Monday, 16 February 2015

'Made in Mt Olympus': Final Project - Corie Edwards

It’s final project time! It is time for us to take everything we have learned so far over our HLF Skills for the Future training and put it into an independent project. The independent project allows us to create something for an audience of our choice, but still fits into our placements education strategy and museum brand. My final project is for the Ashmolean Museum and it is looking at the ways we can engage the 16-30 year old audience with our collections in styles and outlets they use in their everyday lives.

The idea of this project came from an article I was reading about how Tumblr has proven it is the best history resource. The article was made up of different posting by students who reference actual historical topics, but in ways they find relevant, i.e. a picture of Henry the VIII as a meme of, ‘undisputed King of selfies’. Now this might not seem like much, but that was a secondary student posting a historical figure for all their friends to see. If it was just the portrait and this caption, ‘Henry VIII was a patron of the arts which is evident through his plethora of portraits on his favourite topic, himself,’ I hardly think a secondary student would post it for his/her friends to see. But if it is funny and relevant it is ok to share. Which is what I think is the key to engaging this audience. It has to be catchy and it definitely has to be relevant to them. Furthermore, it needs to be accessible from the places they go to for entertainment and information, mainly the internet and social networks. 

Corie working on her final project plan

Teenagers and young adults are now in a world that is mostly viewed through an electronic device. Think about how much different it is now than it was 10 years ago. I can definitely say that my friends never took pictures of their food and sent it to me via post with a caption of, ‘Look at what I made! #NomNom.’ But today, you can’t scroll through a Facebook newsfeed or twitter feed without seeing what your friends are eating. We are all about sharing and we mainly use our smart devices as the messenger.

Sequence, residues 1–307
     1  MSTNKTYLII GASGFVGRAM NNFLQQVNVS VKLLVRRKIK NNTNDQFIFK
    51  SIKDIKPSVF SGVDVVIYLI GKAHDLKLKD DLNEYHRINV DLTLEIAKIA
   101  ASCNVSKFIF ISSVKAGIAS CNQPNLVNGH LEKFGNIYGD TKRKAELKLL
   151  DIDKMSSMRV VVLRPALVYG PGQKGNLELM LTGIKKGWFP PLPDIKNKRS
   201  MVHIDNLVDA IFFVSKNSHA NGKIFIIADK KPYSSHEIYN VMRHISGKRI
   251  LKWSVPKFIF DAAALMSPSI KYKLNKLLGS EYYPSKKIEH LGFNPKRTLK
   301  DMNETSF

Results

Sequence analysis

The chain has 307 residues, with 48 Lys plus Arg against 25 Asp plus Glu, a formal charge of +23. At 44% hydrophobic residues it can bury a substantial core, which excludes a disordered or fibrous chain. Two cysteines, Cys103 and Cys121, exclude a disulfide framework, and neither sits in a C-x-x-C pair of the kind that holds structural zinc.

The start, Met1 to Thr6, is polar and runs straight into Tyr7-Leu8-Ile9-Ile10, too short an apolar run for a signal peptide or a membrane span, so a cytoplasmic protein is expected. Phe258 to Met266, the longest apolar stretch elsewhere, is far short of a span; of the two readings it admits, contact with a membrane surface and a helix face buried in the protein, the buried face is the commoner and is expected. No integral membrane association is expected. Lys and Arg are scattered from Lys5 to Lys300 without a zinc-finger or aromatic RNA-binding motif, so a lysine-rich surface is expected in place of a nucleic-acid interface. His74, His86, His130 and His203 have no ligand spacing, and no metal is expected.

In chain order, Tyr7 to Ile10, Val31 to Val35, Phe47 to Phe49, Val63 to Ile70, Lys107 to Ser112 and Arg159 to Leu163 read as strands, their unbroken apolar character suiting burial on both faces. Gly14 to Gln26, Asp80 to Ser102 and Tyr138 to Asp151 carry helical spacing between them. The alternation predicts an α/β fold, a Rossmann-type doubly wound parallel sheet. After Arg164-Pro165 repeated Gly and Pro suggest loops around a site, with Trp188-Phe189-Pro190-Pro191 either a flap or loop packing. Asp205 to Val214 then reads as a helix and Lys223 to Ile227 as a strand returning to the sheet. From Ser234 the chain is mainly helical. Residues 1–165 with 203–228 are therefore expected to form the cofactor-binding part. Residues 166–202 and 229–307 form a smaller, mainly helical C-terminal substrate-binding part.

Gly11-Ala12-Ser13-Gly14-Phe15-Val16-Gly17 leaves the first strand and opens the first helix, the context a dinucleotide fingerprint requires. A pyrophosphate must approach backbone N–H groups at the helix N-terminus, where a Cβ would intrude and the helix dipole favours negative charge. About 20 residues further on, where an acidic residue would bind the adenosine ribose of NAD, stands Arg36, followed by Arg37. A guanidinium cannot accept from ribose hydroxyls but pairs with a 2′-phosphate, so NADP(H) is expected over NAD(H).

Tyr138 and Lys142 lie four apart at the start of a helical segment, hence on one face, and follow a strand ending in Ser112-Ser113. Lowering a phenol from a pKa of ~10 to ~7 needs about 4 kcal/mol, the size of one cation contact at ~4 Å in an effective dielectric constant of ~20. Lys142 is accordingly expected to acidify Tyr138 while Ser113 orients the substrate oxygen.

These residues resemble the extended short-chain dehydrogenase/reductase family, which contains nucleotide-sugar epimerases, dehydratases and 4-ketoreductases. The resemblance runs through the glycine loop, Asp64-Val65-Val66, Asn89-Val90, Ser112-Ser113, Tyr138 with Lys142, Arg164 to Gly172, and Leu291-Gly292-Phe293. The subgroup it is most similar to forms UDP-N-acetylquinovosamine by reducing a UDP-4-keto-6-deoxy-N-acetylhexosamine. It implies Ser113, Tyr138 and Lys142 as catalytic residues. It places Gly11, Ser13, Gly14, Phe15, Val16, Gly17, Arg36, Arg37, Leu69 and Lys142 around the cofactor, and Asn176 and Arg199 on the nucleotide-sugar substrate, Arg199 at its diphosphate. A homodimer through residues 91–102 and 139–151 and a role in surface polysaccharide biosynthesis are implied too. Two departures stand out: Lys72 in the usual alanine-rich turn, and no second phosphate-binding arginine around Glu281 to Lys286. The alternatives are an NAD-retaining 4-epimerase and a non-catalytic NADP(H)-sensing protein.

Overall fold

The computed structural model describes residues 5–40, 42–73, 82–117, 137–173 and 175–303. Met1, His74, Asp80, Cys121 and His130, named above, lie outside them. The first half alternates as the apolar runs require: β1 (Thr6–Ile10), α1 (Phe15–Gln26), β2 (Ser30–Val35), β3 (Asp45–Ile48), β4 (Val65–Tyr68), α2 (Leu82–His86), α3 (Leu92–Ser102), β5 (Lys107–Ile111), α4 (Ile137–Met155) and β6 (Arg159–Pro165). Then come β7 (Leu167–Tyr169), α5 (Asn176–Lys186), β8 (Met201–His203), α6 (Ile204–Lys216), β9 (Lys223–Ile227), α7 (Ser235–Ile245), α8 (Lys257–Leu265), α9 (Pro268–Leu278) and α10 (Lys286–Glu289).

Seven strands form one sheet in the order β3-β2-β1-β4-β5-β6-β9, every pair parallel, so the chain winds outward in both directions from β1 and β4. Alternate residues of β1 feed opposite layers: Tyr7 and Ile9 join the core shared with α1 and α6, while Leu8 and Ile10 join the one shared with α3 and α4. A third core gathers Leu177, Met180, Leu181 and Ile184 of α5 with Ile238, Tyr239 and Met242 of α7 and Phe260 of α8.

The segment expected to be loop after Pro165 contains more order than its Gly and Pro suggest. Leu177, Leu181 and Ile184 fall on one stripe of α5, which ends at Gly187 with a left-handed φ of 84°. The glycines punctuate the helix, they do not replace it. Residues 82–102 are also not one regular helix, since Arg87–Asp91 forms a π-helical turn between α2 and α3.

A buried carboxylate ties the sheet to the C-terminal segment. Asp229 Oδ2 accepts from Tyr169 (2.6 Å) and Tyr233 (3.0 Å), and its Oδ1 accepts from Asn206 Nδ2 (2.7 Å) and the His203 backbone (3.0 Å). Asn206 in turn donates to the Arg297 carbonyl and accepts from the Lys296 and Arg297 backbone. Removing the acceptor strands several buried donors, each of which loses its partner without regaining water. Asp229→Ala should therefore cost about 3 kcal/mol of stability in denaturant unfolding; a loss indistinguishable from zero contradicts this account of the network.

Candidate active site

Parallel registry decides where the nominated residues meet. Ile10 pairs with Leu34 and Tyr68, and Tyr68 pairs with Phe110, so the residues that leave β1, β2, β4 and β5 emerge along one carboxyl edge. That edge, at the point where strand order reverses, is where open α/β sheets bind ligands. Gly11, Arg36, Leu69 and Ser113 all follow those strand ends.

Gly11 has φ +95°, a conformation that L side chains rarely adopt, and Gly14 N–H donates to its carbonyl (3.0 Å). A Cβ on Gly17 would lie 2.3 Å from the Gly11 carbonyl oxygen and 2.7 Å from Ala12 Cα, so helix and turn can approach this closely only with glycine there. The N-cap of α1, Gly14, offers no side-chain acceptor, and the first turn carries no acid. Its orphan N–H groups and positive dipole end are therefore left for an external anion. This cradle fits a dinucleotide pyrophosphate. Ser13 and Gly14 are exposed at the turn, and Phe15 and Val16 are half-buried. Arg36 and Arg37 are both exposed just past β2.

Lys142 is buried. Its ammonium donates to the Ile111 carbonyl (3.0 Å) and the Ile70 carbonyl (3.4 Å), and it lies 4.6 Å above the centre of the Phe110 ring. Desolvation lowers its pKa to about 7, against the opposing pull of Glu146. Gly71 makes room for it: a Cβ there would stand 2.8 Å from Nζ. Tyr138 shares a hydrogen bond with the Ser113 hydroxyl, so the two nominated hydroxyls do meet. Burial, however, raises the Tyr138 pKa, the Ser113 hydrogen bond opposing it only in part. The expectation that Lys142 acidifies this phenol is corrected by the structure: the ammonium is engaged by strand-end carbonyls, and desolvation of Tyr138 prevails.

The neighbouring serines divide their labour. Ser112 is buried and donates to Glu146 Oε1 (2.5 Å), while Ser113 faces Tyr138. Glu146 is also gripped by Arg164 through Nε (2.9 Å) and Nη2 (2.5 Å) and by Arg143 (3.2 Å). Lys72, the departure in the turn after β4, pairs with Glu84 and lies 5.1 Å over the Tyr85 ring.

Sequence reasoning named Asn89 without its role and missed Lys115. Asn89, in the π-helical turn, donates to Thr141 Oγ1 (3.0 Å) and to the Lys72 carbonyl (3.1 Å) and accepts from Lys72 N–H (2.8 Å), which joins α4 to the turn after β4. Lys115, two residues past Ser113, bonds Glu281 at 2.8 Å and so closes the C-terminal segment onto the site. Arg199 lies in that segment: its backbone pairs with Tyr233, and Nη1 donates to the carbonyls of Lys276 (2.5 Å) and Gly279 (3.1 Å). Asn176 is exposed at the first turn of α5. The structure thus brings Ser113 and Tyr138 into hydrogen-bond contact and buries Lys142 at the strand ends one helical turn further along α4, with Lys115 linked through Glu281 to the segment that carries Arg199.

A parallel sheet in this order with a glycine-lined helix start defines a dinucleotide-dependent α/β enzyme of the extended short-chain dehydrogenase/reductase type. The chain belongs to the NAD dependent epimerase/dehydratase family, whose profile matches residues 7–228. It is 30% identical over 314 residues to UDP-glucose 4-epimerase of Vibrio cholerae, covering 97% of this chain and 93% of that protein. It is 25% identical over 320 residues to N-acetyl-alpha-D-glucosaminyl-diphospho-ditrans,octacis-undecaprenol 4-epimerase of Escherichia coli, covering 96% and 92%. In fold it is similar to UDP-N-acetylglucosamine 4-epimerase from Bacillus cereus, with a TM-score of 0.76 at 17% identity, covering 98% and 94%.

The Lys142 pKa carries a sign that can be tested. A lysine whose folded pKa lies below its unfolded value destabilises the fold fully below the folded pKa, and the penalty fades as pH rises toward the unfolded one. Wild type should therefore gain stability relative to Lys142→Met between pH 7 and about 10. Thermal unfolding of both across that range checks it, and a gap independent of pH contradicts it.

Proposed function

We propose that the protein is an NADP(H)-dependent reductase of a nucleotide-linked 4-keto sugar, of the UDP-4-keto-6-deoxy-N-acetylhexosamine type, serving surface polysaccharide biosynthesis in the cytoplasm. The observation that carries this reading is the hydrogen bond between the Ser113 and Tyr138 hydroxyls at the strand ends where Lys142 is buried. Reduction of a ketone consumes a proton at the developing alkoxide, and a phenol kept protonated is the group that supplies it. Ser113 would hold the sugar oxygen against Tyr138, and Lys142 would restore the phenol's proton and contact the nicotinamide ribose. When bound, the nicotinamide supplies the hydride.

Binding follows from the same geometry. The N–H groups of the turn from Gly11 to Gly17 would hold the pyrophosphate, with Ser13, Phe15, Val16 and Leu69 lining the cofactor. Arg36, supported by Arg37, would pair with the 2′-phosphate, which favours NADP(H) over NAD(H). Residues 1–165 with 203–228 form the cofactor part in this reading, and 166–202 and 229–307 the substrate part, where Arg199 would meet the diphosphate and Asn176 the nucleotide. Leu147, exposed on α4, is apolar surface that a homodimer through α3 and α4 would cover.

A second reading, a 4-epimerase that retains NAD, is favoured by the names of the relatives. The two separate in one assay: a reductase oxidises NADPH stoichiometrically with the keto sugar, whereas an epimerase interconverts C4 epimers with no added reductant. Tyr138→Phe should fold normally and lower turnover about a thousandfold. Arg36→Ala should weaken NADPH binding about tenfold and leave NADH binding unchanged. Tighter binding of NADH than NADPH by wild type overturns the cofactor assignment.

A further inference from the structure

So why not explore this? Museums across the world are always exploring new ways to engage with their community. So what can we do that’s different, but engaging and relevant without losing that educational content? This is what I was thinking about when deciding on my final project. What I came up with was, Made in Mt Olympus, an on-line series of 4 one minute long films. With the partnership of three Oxford Brookes Film Students and nine Oxford University Museums and Collections staff members as actors, we will take Ashmolean Greek objects and bring their stories to life by parodying a popular UK reality show. When you actually stop and think about it, Greek mythology is the original drama. The stories may be thousands of years old, but they are still playing out every day and we watch them through reality shows and soap operas. It’s that idea that we are not as disconnected as we sometimes think and it just takes highlighting it in a different way to make that apparent.

Finding inspiration at the Ashmolean

The films will go up on YouTube and will be promoted through various social media outlets. This comes back to what I was saying earlier about putting the information out where it can be found by this audience. If I just put it up on our website no one would go looking for it. It needs to be connected to the avenues of information this audience goes to every day.

The videos for now are a way to highlight what we have to offer at the Ashmolean. They also aim to show that it’s ok to laugh and have fun at a museum. With the ultimate aim that those who see the videos will then come through the doors to see more. None of that is guaranteed though, but it is worth trying.

Only once we’ve caught their attention can we add more educational levels. It comes back to that Henry VIII portrait I referenced. Start with the meme having correct information but being relevant and catchy, then it can go further...’Why do you take selfies?’ ‘Who is seeing your photos?’ ‘Why do you want them to see your selfie?’ ‘Why did you choose that place to take the picture?’ And so on. Then you can pretty much ask the same questions about Henry VIII and the answers might be surprisingly similar.

I hope my videos will spark similar conversations. Those conversations can be between friends who share the videos, it can be teachers showing it to students or recreating something similar with their students, or museum visitors making their own short videos in galleries on their smart devices. It can go many ways and I hope it does.

Follow the progress of these films through #MiMO on twitter. The films will go live on the Ashmolean YouTube channel, one per week throughout the month of April.

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